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    you don't need 12's. You need an 11 each section. Also if you do not have that you can still qualify but you have to retest unless you took classes with them and they have a score of yours on file with an 11 on any of their practice tests.
     
  10. ahumdinger

    ahumdinger Senior Member
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    holy cow, I've never heard of TPR or Kaplan paying that much! But TPR is a LOT more work- you have to work out your own lesson plans.
     
  11. Indryd

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    I know a guy who got a 31 on his MCAT and teaches Kaplan...dang I didn't know it paid so well...that upsets me.
     
  12. autoimmunity

    autoimmunity Senior Member
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    You only need an 11 in each section!? Please tell me you're serious because I sure could use some extra cash.
     
  13. Will Ferrell

    Will Ferrell Senior Member
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    *don't be a mumbling/word-fumbling idiot like me :( . I dropped the ball and lost the $20/hr job.

    *Practice your presentation ... unlike me.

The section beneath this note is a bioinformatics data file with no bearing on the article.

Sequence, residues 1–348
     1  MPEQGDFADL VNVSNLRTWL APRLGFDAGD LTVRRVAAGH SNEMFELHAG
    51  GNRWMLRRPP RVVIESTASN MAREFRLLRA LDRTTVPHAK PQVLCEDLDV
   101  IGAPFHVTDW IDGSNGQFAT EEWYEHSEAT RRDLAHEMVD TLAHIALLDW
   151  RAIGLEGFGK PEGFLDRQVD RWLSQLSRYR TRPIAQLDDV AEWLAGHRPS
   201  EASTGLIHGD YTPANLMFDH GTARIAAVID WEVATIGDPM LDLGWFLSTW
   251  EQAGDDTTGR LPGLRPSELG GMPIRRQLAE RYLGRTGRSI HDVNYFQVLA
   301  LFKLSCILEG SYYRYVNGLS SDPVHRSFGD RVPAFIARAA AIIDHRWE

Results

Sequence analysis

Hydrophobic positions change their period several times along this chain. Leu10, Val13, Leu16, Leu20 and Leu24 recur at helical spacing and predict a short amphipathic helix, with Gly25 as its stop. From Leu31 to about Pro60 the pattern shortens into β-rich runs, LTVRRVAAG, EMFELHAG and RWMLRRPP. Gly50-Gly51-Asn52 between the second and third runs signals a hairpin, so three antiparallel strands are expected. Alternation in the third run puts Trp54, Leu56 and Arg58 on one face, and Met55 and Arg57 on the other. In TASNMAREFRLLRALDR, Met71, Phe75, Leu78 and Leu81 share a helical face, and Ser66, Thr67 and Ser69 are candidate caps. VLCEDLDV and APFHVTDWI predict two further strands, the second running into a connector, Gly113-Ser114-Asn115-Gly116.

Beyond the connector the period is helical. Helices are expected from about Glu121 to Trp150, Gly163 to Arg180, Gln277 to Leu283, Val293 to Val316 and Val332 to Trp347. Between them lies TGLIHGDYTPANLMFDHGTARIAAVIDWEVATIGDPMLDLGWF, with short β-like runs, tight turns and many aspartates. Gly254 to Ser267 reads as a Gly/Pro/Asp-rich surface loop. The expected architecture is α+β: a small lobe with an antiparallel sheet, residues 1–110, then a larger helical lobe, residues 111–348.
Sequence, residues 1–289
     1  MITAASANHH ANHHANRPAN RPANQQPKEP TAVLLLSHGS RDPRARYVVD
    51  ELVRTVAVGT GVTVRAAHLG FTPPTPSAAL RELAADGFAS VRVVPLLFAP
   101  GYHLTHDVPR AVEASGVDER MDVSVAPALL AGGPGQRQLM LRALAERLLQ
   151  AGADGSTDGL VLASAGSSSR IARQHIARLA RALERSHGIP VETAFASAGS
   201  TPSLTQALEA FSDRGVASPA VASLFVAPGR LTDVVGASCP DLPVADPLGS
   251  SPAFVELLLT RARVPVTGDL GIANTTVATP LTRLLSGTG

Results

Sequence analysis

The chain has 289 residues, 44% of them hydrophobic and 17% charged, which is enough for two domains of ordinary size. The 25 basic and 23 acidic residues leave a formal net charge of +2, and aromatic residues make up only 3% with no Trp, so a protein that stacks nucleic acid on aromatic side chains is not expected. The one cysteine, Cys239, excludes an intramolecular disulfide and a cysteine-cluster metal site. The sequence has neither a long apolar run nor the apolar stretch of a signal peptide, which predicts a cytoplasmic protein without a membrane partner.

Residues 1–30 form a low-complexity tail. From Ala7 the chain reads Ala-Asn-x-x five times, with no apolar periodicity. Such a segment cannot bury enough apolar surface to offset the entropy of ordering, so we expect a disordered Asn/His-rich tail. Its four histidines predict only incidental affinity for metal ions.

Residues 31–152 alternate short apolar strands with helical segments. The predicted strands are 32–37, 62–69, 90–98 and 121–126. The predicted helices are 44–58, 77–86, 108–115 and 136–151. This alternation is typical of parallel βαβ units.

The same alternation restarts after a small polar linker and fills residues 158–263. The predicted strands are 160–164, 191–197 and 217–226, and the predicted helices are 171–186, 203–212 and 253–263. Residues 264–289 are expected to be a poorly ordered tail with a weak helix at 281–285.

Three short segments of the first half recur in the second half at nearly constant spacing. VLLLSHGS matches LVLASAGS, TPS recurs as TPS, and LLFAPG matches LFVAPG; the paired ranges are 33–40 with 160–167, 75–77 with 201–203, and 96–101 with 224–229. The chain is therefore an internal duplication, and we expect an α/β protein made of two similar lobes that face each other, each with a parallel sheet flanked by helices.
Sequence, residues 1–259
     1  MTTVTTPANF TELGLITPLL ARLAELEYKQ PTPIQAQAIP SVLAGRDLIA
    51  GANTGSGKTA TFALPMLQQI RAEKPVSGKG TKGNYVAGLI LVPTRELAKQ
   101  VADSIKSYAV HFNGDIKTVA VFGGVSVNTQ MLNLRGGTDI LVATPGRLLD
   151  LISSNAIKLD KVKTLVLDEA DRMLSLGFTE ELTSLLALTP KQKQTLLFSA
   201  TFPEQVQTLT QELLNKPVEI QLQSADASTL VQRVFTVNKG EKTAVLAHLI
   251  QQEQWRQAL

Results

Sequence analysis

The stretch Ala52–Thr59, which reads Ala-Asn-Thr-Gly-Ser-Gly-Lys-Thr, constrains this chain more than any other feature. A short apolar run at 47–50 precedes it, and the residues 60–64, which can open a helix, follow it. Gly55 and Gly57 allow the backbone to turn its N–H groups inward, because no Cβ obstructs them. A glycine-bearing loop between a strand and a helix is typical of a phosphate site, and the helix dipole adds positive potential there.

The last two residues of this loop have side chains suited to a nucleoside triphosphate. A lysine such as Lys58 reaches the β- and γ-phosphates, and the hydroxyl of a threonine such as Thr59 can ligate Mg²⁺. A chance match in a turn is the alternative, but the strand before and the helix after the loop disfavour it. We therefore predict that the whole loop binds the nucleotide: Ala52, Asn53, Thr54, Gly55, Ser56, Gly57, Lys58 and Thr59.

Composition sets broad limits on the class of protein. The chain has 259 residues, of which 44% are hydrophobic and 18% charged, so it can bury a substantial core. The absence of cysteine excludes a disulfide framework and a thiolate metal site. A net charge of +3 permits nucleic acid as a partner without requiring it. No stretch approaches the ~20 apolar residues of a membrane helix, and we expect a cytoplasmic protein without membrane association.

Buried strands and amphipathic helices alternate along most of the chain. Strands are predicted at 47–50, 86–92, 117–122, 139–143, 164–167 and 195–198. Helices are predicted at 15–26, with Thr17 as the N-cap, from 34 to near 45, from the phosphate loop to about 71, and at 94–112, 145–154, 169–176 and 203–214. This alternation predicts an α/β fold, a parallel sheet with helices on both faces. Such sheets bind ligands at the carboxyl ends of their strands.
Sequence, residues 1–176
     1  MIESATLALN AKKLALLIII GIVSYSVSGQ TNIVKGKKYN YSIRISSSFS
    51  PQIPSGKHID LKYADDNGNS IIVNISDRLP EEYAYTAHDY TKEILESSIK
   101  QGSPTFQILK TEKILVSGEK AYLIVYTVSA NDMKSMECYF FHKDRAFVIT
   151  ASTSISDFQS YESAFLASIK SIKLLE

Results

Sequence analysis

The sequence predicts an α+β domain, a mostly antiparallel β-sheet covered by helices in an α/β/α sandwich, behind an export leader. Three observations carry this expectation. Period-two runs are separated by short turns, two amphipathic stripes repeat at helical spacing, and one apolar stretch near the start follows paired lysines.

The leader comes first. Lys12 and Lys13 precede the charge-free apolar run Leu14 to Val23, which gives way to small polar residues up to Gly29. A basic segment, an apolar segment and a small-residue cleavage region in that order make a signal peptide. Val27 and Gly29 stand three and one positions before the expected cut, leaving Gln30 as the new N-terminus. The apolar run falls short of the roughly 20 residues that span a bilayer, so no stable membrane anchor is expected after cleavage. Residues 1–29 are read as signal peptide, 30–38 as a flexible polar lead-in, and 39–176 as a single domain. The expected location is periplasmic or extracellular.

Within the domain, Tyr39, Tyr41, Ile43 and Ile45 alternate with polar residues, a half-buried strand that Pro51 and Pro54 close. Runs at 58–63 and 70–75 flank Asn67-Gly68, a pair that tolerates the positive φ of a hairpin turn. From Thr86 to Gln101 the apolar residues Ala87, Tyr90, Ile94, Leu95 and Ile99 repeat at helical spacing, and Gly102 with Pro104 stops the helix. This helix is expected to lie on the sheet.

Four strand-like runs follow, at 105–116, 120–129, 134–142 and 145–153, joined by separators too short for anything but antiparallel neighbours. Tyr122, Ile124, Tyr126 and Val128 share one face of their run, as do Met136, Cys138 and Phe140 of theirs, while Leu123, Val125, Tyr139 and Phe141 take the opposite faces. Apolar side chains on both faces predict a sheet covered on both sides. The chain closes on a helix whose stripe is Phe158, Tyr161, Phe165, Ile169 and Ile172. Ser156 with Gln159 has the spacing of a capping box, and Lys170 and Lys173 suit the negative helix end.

*Suck up to the people at Kaplan. Laugh at their stupid jokes.
     
  14. Risa

    Risa like Lisa with an R
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    Thanks for responding, everyone!

    Re: required scores, I at least got offered the audition with two 11s and a 12, for whatever that's worth. Filling out the application takes like 3 minutes, so you should definitely all check it out!
     
  15. Em1

    Em1 Senior Member
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    If you don't make the score for one or more sections, you can take a practice section of theirs to get the score you need. For example, I got a 10 on VR, and will have to do a practice test and get an 11.

    For the audition:
    Practice! It's harder than you think w/o ppt like you're used to.
    Use the board. It's not supposed to be a lecture.
    Ask questions, involve the audience.

    I did mine on how to read music (or at least a very basic overview). Lots of opportunities to draw on the board to explain things, and to ask the audience questions to make sure they understood it.

    I'm about to start training for Kaplan (past the audition part), teaching is $20/hr, training and prep time is $7/hr, proctoring is $10/hr